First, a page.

Federal Reserve Bank of Chicago President Charles Evans said Friday he expects the U.S. central bank to press forward with rate rises amid a bright economic outlook.
“The U.S. economy is firing on all cylinders, with strong growth, low unemployment, and inflation approaching our 2 % symmetric target on a sustained basis,” Mr. Evans said in the text of speech prepared for delivery in Fort Wayne, Ind. “I expect this good performance to continue over the next few years.”
Mr. Evans said “given the strong growth fundamentals and positive inflation outlook, it is time for the Fed to return to the conventional monetary policy-making of yesteryear.” For him, that means policy “will rely on gradual adjustments in interest rates.”
Mr. Evans again noted that monetary policy will likely have to go toward a stance that is somewhat restrictive of growth, but he said that is “quite normal” given how the economy is and will likely perform.
Mr. Evans, who is not currently a voting member of the interest-rate setting Federal Open Market Committee, didn’t discuss the timing of action. The Fed meets later this month in a gathering that is almost certain to result in an increase to the current fed-funds rate target, which now stands between 1.75% and 2%. There is a good chance the Fed will raise again after that this year, and raise several more times next year.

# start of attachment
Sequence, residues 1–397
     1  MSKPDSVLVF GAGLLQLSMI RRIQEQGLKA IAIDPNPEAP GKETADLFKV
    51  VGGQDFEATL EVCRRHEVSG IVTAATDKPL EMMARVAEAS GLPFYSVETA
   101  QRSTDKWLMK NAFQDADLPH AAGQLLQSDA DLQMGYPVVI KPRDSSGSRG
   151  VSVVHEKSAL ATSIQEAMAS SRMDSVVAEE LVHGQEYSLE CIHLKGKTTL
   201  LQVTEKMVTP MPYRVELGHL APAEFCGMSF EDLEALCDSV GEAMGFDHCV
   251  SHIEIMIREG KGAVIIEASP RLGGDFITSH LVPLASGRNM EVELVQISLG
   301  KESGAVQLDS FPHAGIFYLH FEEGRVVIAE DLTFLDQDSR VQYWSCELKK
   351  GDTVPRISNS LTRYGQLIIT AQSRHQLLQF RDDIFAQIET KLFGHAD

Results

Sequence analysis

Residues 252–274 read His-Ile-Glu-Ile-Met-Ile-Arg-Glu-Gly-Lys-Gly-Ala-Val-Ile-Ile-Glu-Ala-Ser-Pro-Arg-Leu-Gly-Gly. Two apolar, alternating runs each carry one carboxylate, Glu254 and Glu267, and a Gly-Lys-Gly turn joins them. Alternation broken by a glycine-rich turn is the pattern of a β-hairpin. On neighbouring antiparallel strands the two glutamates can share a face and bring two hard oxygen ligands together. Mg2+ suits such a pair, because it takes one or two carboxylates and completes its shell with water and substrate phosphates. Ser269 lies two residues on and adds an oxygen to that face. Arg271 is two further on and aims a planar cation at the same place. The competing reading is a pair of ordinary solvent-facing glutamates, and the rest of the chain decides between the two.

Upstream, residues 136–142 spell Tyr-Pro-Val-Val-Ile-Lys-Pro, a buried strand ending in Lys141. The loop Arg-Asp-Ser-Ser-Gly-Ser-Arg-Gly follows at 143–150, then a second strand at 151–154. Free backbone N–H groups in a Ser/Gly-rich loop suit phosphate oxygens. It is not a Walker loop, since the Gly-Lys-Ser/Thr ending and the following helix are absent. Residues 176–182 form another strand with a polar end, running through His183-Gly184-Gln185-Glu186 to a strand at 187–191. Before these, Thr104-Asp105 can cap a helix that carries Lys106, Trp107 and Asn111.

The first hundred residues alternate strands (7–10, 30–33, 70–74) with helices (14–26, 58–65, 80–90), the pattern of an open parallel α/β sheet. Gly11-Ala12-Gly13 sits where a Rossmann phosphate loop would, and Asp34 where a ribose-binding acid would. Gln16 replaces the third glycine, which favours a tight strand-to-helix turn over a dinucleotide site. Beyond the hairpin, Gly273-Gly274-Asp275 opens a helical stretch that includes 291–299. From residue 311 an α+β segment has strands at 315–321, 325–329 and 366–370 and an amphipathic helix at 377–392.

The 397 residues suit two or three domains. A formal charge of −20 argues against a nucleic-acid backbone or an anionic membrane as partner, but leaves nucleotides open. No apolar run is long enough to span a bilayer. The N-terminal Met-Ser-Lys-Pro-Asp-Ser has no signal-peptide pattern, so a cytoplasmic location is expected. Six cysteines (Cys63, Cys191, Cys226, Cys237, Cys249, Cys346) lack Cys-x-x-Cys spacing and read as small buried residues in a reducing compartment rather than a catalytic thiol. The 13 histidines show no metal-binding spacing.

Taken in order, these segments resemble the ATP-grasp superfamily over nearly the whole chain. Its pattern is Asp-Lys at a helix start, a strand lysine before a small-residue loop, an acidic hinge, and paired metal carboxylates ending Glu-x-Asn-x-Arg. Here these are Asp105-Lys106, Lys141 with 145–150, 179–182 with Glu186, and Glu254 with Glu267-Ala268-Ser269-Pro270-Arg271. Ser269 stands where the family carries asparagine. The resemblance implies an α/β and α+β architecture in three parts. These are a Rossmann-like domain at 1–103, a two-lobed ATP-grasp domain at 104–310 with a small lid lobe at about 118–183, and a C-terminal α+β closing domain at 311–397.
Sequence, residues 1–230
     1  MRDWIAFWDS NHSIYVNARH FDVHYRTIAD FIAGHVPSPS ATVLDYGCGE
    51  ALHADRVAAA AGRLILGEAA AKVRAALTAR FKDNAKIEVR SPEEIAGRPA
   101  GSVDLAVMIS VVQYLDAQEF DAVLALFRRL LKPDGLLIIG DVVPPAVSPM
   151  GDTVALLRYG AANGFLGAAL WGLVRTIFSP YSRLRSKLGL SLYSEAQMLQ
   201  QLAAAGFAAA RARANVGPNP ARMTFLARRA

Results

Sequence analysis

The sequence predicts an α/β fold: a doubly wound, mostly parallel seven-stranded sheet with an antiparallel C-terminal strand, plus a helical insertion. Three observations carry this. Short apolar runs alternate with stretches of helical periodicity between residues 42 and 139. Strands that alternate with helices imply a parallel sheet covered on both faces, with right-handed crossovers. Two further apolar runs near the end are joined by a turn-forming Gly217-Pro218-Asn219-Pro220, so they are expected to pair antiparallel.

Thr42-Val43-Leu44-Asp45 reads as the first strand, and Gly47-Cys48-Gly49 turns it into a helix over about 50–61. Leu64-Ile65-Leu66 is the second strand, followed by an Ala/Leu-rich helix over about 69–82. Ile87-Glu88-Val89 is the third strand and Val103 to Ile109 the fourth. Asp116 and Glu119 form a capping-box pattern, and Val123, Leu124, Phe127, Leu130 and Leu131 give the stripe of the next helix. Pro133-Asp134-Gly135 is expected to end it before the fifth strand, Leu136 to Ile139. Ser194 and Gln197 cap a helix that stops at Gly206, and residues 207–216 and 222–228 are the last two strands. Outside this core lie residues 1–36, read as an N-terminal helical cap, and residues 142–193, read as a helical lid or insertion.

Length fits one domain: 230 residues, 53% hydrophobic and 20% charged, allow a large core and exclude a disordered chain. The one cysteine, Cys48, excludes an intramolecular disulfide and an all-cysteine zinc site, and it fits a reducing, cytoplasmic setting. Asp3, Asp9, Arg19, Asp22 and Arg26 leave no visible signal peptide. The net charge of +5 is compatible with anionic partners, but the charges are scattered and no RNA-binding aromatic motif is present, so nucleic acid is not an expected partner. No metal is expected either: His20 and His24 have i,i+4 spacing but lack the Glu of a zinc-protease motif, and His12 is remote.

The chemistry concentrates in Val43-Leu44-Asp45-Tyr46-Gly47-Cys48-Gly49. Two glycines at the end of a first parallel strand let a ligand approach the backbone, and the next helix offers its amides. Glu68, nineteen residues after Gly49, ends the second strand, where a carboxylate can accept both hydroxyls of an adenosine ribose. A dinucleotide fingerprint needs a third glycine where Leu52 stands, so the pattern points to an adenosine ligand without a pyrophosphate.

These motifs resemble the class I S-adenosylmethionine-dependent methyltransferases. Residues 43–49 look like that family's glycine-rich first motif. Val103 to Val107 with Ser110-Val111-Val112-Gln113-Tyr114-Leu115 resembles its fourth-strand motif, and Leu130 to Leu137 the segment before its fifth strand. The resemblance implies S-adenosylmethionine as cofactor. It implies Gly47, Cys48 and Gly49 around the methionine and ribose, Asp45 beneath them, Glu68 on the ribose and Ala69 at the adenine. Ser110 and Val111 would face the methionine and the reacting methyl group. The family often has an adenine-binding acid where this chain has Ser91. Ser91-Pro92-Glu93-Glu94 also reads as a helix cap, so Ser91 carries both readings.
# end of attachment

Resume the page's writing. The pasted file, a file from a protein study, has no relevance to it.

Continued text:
Mr. Evans said in his speech he expects the economy to grow by around 3% this year and to slow back to around 2% over 2019 and 2020 as the stimulative impact of the recent tax cuts wears off. He sees what’s current a 3.9% jobless rate ebbing to around 3.5% by the end of 2020.
Mr. Evans said inflation is likely to edge up over the Fed’s 2% inflation target. But he added, “I am more comfortable with the inflation outlook today than I have been for the past several years.”
The official sees the strong job market contributing to higher inflation.
“While wage increases have been disappointingly low, more and more of my business contacts—including those in Indiana—say they are willing to increase compensation to hire or keep qualified workers,” Mr. Evans said. “So I expect tighter labor markets to lead to higher wage growth before too long,” he said.
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